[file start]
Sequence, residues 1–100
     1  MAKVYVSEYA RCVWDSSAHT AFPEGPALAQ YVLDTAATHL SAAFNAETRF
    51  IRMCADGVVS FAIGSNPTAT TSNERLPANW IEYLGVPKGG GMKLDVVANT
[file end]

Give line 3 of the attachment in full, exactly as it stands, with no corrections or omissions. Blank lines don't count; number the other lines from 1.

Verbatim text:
    51  IRMCADGVVS FAIGSNPTAT TSNERLPANW IEYLGVPKGG GMKLDVVANT